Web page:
Bradford Grammar School (BGS) is a co-educational, independent school in Frizinghall, Bradford, West Yorkshire, England. Entrance is by examination, except for the Sixth Form, where admission is based on GCSE results. The school gives means-tested bursaries to help with fees. Unlike many private schools, BGS does not offer scholarships based on academic achievement.

New College, Oxford constituent college of the University of Oxford in the United Kingdom

New College is one of the constituent colleges of the University of Oxford in the United Kingdom. Founded in 1379 by William of Wykeham, the full name of the college is St Mary's College of Winchester in Oxford. The name "New College", however, soon came to be used following its completion in 1386 to distinguish it from the older existing college of St. Mary, now known as Oriel College.

Hart became a barrister and practised successfully at the Chancery Bar from 1932 to 1940. He was good friends with Richard (later Lord) Wilberforce, Douglas Jay, and Christopher Cox, among others. He received a Harmsworth Scholarship to the Middle Temple and also wrote literary journalism for the periodical John O'London's Weekly . [5]

Barrister lawyer specialized in court representation in Wales, England and some other jurisdictions

A barrister is a type of lawyer in common law jurisdictions. Barristers mostly specialise in courtroom advocacy and litigation. Their tasks include taking cases in superior courts and tribunals, drafting legal pleadings, researching the philosophy, hypothesis and history of law, and giving expert legal opinions. Often, barristers are also recognised as legal scholars.

Middle Temple one of the four Inns of Court in London, England

The Honourable Society of the Middle Temple, commonly known simply as Middle Temple, is one of the four Inns of Court exclusively entitled to call their members to the English Bar as barristers, the others being the Inner Temple, Gray's Inn and Lincoln's Inn. It is located in the wider Temple area of London, near the Royal Courts of Justice, and within the City of London.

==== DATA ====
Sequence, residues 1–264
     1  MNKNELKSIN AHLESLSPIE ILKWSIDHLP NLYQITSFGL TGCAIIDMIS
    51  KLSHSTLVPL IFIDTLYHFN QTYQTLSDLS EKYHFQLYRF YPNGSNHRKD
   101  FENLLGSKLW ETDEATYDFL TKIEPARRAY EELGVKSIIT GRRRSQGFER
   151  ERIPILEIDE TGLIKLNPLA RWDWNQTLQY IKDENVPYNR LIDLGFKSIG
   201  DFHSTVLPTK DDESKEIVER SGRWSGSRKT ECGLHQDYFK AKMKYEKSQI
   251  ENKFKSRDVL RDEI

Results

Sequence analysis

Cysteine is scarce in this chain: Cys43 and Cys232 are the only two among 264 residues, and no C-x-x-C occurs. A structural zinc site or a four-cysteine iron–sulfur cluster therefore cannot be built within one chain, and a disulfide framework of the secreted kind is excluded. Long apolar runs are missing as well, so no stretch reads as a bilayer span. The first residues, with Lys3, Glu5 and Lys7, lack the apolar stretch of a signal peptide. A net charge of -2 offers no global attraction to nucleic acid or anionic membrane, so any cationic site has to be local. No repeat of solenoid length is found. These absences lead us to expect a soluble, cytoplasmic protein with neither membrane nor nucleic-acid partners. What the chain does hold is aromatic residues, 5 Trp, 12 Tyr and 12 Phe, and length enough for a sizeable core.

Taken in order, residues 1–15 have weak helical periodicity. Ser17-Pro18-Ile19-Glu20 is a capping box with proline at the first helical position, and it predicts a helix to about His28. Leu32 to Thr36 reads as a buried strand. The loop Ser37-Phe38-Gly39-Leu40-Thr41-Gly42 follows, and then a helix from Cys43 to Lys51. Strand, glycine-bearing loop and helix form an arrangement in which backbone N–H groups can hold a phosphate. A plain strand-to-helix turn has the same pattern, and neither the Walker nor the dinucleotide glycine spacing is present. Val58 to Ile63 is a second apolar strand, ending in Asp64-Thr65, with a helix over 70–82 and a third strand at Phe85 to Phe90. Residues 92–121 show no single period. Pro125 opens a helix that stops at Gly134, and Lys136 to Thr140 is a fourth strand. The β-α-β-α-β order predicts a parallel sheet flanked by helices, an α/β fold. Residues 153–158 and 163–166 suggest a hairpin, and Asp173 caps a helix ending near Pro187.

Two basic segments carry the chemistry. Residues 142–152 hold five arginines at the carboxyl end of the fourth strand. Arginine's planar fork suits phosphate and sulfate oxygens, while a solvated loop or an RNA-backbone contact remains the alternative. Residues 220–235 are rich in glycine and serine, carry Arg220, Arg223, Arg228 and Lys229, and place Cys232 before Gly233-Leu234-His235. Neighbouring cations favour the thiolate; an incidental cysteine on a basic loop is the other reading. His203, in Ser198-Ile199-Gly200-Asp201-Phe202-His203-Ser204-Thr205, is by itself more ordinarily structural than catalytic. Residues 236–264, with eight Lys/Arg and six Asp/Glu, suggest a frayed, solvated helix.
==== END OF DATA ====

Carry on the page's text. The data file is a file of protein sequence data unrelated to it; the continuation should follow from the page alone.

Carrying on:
John O'London's Weekly was a weekly literary magazine that was published by George Newnes Ltd of London between 1919 and 1954. In 1960 it was briefly brought back into circulation. Regarded as the leading literary magazine in the British Empire, at its height it had a circulation of 80,000, and it was popular among young and older readers alike.

During World War II, Hart worked with MI5, a division of British military intelligence concerned with unearthing spies who had penetrated Britain, where he renewed Oxford friendships including working with the philosophers Gilbert Ryle and Stuart Hampshire. He worked closely with Dick White, later head of MI5 and then of MI6. Hart worked at Bletchley Park and was a colleague of the mathematician and codebreaker Alan Turing. [6]

World War II 1939–1945 global war

World War II, also known as the Second World War, was a global war that lasted from 1939 to 1945. The vast majority of the world's countries—including all the great powers—eventually formed two opposing military alliances: the Allies and the Axis. A state of total war emerged, directly involving more than 100 million people from over 30 countries. The major participants threw their entire economic, industrial, and scientific capabilities behind the war effort, blurring the distinction between civilian and military resources. World War II was the deadliest conflict in human history, marked by 70 to 85 million fatalities, most of whom were civilians in the Soviet Union and China. It included massacres, the genocide of the Holocaust, strategic bombing, premeditated death from starvation and disease, and the only use of nuclear weapons in war.

MI5 British domestic security agency

The Security Service, also known as MI5, is the United Kingdom's domestic counter-intelligence and security agency and is part of its intelligence machinery alongside the Secret Intelligence Service (MI6), Government Communications Headquarters (GCHQ) and Defence Intelligence (DI). MI5 is directed by the Joint Intelligence Committee (JIC), and the service is bound by the Security Service Act 1989. The service is directed to protect British parliamentary democracy and economic interests, and counter terrorism and espionage within the UK.

Gilbert Ryle British philosopher